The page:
Dominic Ball is a defensive midfielder who has recently signed for Ipswich Town FC. He was a graduate of the Tottenham Hotspur academy, and his previous clubs include Rotherham United and Queens Park Rangers.
Lots of people have asked me: “why did you decide to write a book in the middle of your professional football career?” Here’s the answer.
As a youth, I played age representative football for both Northern Ireland and England. I was signed by Watford FC’s academy as a schoolboy and later became a youth player with Tottenham Hotspur, where I signed my first professional contract before moving to Rotherham United and then my current club, Queens Park Rangers. I have also had loan spells at Cambridge United, Rangers, Peterborough United and Aberdeen.
I successfully studied for an Open University degree in Business Studies which I completed in 2021. From Winning Teams to Broken Dreams is my first book, which is intended to provide advice, information and inspiration to future generations of aspiring young footballers.
Most importantly the book is to raise funds for Sarcoma UK, a charity that supports research into the rare form of bone cancer that claimed the life of Spencer McCall, one of the six boys featured and one of my best friends.
What is it like to give your all but see the dream of becoming a top-flight footballer slowly fade away?
This book lifts the lid on the highs and lows, doubts and fears, lucky breaks and heartache, trials and tribulations, lonely loan moves and cruel, untimely injuries experienced by many young footballers.
This is the real-life mud, sweat and tears journey of six band-of-brothers friends and their quest to become Premier League footballers. Plucked from junior clubs as primary school age children by England’s biggest football academies, From Winning Teams to Broken Dreams reveals the inside out experiences of boys who strain every sinew to make the grade.
Why write a book?
When I first became a professional player, I realised that I had a lot of spare time on my hands and initially I thought that the only productive thing I could do with that time was to train more, focus more on my football and go to the gym. I have always been quite intense, unable to relax and very active and therefore going to the gym in the evenings or staying late at training seemed the right thing for me to do. I realised very quickly however that this was not healthy for me and in fact was actually doing the opposite of helping my football. I was tired, demotivated, bored, my football was not improving and worst of all I was not enjoying it. It was the first time in my life that I had all this time with nothing to fill it with. I decided to start writing.
At the same time my loan spell at Peterborough was terminated and I returned to Rotherham (my parent club) where I was unable to play because of new EFL rules. I had to train for about 3 months for the rest of the season without playing a game. Waking up every morning without any real purpose or drive made this time really tough and mentally I needed something to stimulate me. I needed something to strive towards as I wasn’t getting this with my football. My experience at Peterborough had ended badly and I was frustrated with football. This gave me a direction and a meaning to my book. I wanted to share some of my footballing experiences with other people, other players to show how hard it can be at times. I wanted the book to help younger players and their parents who have yet to experience the whole process.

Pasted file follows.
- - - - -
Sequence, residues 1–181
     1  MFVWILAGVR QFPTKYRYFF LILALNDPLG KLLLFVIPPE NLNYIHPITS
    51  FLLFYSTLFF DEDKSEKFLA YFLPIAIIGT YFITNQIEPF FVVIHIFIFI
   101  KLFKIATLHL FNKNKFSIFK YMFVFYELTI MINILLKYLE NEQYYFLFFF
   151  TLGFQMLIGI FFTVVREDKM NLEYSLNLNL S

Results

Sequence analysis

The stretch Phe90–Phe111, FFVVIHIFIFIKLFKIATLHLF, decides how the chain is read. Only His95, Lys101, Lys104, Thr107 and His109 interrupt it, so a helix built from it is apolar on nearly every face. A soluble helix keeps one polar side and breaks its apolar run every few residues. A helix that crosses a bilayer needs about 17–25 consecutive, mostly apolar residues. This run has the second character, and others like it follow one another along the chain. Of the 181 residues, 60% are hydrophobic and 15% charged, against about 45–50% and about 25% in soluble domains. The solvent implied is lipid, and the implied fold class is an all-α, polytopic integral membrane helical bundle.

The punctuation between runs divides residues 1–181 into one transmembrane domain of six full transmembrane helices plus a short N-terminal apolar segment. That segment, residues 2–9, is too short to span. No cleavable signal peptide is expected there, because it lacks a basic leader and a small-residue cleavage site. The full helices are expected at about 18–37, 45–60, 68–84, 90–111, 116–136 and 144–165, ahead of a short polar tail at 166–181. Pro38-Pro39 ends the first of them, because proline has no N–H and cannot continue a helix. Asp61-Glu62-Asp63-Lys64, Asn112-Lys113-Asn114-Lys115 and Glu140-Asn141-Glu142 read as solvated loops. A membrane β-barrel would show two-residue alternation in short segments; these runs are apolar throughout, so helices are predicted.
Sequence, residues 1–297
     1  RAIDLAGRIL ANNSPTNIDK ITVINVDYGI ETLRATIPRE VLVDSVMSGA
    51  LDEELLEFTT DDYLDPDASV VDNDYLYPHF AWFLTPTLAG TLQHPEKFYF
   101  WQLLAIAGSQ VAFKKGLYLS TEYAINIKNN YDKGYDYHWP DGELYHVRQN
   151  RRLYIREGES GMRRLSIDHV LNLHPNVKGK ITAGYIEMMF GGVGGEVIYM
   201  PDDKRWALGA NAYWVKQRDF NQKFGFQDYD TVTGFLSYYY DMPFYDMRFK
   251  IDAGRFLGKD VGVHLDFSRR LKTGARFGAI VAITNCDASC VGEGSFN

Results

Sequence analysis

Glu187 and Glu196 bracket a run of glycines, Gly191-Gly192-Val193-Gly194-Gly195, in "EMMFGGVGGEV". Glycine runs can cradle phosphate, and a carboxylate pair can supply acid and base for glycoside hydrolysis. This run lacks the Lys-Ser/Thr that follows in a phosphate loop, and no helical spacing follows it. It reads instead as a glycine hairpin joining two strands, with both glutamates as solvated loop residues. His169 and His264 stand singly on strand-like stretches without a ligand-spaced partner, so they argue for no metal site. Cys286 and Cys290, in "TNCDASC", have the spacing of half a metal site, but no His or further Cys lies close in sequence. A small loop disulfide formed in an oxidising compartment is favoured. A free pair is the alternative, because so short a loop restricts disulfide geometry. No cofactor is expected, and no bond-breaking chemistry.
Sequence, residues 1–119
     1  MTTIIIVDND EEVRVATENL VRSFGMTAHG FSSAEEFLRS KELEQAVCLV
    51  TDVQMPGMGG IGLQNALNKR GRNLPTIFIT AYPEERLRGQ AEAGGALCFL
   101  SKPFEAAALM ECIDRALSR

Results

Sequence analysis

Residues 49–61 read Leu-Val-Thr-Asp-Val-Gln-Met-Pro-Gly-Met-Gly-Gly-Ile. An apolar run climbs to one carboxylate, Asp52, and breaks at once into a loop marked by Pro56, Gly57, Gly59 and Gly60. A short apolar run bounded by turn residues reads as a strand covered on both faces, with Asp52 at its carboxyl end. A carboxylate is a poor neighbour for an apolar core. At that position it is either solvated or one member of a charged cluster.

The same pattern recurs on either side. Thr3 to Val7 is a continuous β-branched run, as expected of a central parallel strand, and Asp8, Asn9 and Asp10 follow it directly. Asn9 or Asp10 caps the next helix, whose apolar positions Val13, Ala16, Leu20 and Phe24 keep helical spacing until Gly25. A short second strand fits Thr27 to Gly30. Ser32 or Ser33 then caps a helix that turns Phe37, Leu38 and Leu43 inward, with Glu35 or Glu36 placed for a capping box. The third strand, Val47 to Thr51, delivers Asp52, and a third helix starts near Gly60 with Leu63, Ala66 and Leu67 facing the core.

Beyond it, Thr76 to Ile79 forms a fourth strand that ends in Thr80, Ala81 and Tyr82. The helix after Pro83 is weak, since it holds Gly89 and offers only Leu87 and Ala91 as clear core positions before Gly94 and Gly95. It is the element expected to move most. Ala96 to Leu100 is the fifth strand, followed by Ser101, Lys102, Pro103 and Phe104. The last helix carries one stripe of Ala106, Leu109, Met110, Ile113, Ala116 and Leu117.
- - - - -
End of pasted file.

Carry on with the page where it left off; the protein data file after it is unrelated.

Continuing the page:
Then what happened in 2020 when the country was in lockdown?
Three years down the line, in the first lockdown, my best friend Spencer was diagnosed with terminal cancer and it broke my heart along with the rest of our group of friends. We all started raising money for Spencer to fund treatment abroad. I decided that I would finish the book and sell it to raise as much money as possible for Spencer.
I got in touch with Chris Green who had written a book along similar lines, and I asked if he would help me. Unfortunately, I was unable to get the book out in time but I have now finished it in Spencer’s memory and I hope to raise money for Sarcoma UK which focuses on research into this rare form of cancer.
Writing the book over the last five years hasn’t been easy. There have been months when I didn’t write a thing and there were other times where I would write for hours a day.
During the first lockdown, whenever we were given the heart-breaking news about Spencer, I knew that I needed to speed up things. I was desperate to release the book to aid Spencer’s fundraising attempts.
Writing a book like this which involved my friends was really interesting as we were all able to share openly our experiences and reflect on what was such a great time of our lives. On top of that we were able to discuss how tough the football journey is, different choices we all could have made and also how different methods and approaches might have helped us along the way.
We all agreed that we had some great times in football which we will cherish for ever and also some challenging times which have helped shape who we are today.